Explore a snowy village at the base of a mountain and discover that all its inhabitants have been turned into ice sculptures. Save one. But he's too bitter to discuss what really happened, and only cryptically warns you to stay away from the local shrine. Ignore his advice and you'll surely discover how one simple mistake led to the town's swift demise.

To be fair, not all of Dragon Quest VI's stories are tragic. Some are only mildly depressing. The fishing town of Pescadora features a grumpy old cripple with an affinity for mermaids. The village of Clearsdale tells the story of a terminally ill boy with a flying bed. Port Haven's mayor decides to imprison his own love-struck maid after a jealous friend accuses her of poisoning his favorite dog. All of these stories demand resolution. Regardless of whether they're critical to the plot, you'll find yourself so compelled by their depth and appeal to human conscience that you'll do everything you can to ensure a happy ending.

Of course, a happy ending isn't always possible... and it's for that reason that you'll stick through it. Even when the game's sheer length starts to feel a little tiresome, you'll quickly forget that once you hit upon the next town to save, the next mystery to unlock, the next new area to explore.

And explore you shall. With two whole worlds full of immense landmasses, vast oceans and undersea caverns to root around in, you'll never want for something to do. And with the plot's initial linearity tapering off significantly about a quarter of the way through, you'll have all the time in the world to investigate every nook and cranny every place has to offer.

Even mere combat provides opportunity to learn and discover new things. Once you're capable of choosing a class (in this installment, “vocation”), you'll have access to a number of abilities that otherwise would be impossible to obtain. These fall along the traditional lines from warriors to mages to thieves and everything else in between. But there are a couple of unique ones as well. Master the right vocations, and you'll have access to a more advanced class, one with greater benefits and techniques. Sages channel both black and white magic, gain the spell to completely revive fallen party members, and also cast at a third of the cost. Gladiators can use a number of devastating abilities like the multiple-striking Boulder Toss, and Metal Slash, which allows you to slay metal slimes with the greatest of ease. As a bonus, they also have a chance of completely shrugging off an attack, which helps when facing wickedly tough bosses.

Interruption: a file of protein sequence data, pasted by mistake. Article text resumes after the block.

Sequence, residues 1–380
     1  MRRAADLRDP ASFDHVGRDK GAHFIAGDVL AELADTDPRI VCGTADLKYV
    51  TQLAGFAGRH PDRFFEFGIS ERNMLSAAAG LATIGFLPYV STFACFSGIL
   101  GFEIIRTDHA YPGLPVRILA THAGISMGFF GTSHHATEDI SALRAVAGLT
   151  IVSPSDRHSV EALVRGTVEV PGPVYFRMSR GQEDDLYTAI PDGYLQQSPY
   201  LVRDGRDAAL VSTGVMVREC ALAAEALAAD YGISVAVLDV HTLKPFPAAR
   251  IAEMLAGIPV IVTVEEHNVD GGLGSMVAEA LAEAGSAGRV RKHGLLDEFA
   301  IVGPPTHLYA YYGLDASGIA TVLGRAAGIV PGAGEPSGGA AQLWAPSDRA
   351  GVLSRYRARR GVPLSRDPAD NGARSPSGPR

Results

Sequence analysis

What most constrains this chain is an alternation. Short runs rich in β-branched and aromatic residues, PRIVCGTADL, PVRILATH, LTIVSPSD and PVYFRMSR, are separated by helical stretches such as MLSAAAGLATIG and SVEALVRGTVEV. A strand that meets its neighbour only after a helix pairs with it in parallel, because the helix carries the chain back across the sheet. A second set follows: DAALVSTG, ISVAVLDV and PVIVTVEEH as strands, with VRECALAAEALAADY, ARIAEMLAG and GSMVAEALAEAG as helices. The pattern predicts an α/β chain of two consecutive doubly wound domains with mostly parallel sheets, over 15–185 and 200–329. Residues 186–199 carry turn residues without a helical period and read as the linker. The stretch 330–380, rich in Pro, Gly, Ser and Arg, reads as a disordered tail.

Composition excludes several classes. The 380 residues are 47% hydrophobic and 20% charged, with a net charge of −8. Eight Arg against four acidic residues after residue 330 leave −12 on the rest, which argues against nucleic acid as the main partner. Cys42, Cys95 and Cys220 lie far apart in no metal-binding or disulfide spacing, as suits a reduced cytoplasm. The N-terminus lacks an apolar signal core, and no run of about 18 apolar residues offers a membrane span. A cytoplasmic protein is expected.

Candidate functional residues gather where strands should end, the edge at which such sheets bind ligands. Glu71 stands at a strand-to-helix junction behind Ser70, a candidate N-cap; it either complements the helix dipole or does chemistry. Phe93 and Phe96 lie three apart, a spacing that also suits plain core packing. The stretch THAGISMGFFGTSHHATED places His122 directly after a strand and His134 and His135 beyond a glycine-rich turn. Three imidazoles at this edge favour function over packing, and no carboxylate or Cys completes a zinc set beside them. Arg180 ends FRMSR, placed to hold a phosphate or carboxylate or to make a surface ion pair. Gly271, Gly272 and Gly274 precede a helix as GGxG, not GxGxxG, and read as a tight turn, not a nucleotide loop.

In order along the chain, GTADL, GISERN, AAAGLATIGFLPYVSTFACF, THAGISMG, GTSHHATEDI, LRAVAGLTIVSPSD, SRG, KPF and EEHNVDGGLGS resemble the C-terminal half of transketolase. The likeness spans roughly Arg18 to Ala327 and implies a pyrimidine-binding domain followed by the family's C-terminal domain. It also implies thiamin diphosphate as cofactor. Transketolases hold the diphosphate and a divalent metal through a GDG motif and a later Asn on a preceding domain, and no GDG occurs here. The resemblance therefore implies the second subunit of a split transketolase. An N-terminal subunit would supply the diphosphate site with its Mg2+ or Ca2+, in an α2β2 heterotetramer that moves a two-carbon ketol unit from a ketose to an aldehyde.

As entertaining as combat can be at first, it may grow cumbersome after a while, particularly later on when you've acquired so many abilities that you're wading through pages of options just to find the one you want. Fortunately, some of this can be avoided by putting all but your lead fighter on autopilot, but then you'd want to remember to turn it off when a critically important battle comes up.

Still, Dragon Quest VI's main draw will always be its extraordinary plot and immense world. The plights of each world's citizens feel real, raw. They’re moving and inspire players to do all that they can. The enormous map will ensure that you're still discovering new places well into your fiftieth hour. But most of all, once you’ve uncovered that last inch of land, you'll be sad it's over. You'll look back on all that you've done and ask, “Why did it have to end?”

Rating: 9/10

wolfqueen001's avatar
Community review by wolfqueen001 (August 27, 2011)

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wolfqueen001 posted September 01, 2011:

#
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jerec posted September 01, 2011:

I bought the game but haven't started it yet so I decided I didn't need to read a review. >_>